Ten years’ worth of adapters affected by Apple recall

A massive return program has just been launched by the iPhone maker for AC adapters sold in many countries.

A tremendous Apple recall has now swept through a large handful of countries, initiating a return program for all the adapters it has sold for over a decade, many of which have gone back as far as 2003.

This return program has followed closely on the heels of a similar recall that was issued by Microsoft.

Recently, Microsoft had to issue a call back for many of its AC adapters for the Surface line of devices. The Apple recall, however, is notably bigger as it is for gadgets going back well over a decade which are meant for devices that have seen far greater sales. The affected adapters are those that have been constructed with swappable prongs. They are the mobile devices that can be removed from the user’s charger and are included with the purchase of many of the different iPhone, iPad, iPod and Mac devices.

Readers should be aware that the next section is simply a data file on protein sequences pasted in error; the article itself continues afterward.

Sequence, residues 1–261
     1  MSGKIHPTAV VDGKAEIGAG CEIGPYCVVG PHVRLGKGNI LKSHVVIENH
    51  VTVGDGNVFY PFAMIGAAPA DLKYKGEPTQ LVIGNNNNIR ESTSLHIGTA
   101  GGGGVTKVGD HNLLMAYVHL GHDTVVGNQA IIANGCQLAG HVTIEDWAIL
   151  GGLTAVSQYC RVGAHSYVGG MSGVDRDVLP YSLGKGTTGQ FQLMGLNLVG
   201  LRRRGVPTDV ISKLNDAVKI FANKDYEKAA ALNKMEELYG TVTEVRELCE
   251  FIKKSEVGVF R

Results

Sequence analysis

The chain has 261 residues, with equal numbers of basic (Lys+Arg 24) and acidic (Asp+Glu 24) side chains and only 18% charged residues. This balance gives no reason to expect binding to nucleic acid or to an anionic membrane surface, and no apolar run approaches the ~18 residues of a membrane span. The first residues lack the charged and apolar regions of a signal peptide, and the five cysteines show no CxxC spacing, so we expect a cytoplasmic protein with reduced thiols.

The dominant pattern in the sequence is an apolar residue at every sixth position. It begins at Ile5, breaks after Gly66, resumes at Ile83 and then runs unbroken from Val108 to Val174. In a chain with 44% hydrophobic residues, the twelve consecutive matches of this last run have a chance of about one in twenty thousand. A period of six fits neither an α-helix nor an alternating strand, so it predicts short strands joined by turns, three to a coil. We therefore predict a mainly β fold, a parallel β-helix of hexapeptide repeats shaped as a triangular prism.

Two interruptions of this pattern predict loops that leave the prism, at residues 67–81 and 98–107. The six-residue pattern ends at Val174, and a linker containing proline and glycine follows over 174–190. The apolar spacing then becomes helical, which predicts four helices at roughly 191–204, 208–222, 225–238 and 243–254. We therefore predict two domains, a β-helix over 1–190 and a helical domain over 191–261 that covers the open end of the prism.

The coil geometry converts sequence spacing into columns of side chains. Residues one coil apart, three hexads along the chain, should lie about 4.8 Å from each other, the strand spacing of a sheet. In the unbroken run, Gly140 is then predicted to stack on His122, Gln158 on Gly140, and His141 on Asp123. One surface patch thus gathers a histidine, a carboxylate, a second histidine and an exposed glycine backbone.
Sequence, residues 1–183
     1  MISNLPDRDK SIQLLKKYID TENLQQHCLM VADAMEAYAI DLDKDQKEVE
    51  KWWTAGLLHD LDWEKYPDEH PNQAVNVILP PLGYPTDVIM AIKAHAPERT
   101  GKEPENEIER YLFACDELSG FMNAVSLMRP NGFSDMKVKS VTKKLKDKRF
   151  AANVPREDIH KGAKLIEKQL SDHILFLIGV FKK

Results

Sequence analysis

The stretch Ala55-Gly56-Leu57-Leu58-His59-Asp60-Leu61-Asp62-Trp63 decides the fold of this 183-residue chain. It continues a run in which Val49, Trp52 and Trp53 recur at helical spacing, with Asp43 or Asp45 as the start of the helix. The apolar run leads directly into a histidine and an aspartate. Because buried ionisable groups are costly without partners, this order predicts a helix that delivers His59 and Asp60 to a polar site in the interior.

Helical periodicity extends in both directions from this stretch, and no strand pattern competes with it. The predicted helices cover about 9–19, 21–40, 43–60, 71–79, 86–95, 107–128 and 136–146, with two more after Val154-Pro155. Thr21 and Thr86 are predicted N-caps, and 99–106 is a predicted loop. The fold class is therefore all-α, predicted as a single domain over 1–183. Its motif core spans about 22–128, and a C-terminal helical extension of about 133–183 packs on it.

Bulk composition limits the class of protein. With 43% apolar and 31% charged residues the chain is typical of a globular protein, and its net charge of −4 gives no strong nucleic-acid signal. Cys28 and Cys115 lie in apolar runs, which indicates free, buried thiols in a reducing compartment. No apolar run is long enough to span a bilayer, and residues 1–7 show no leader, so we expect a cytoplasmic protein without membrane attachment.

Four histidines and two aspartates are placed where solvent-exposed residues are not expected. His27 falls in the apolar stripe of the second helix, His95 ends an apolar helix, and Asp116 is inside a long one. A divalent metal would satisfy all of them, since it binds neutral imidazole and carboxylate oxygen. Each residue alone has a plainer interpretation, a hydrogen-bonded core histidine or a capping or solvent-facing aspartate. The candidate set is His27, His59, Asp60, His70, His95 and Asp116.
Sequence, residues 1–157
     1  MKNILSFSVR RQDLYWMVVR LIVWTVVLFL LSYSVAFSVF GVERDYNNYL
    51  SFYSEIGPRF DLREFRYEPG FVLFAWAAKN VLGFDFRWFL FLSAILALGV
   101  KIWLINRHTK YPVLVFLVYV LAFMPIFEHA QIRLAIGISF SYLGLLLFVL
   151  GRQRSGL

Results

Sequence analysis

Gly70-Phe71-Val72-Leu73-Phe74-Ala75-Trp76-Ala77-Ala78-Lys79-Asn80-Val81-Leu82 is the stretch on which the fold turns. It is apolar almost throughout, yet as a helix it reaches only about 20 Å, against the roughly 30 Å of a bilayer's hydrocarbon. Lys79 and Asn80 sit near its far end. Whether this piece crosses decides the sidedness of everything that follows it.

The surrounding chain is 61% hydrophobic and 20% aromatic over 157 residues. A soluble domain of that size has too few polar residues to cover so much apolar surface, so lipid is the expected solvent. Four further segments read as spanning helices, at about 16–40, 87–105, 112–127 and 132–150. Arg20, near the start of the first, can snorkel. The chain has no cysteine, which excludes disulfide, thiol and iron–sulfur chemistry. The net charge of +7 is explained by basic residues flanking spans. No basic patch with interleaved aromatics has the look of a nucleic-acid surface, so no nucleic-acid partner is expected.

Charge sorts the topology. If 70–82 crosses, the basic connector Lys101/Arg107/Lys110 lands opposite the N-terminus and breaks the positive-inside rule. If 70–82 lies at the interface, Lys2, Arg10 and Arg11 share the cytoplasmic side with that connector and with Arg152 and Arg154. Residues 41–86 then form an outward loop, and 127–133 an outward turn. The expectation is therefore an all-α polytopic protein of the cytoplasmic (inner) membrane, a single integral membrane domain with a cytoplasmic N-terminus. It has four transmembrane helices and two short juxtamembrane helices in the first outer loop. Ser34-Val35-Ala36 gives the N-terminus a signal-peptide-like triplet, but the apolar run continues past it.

This Apple recall will not affect the included chargers and adapters that were sold in the United States.

Apple RecallThat said, it is quite a widespread recall of Apple adapters, as it will affect those sold in Continental Europe, Australia, New Zealand, South Korea, Brazil and Argentina. It will also impact the adapters that had been included in the world travel kit and that have been sold around the globe for many years. It is in those packages that the recalled Apple adapters are most likely to find their way into the hands of Americans.

The recall program page that has been created for this purpose has indicated that it is a voluntary return program. It also indicated that the issue in question is that “in very rare cases, affected Apple two-prong wall plug adapters may break and create a risk of electrical shock if touched.”

For those with products that qualify for the Apple recall, an exchange of the old product for a new one that does not cause the risk of a rare shock. This exchange is free for the customer and can be done either online, by contacting the company’s customer support, or by heading over to an Apple Store where it can be done in person.

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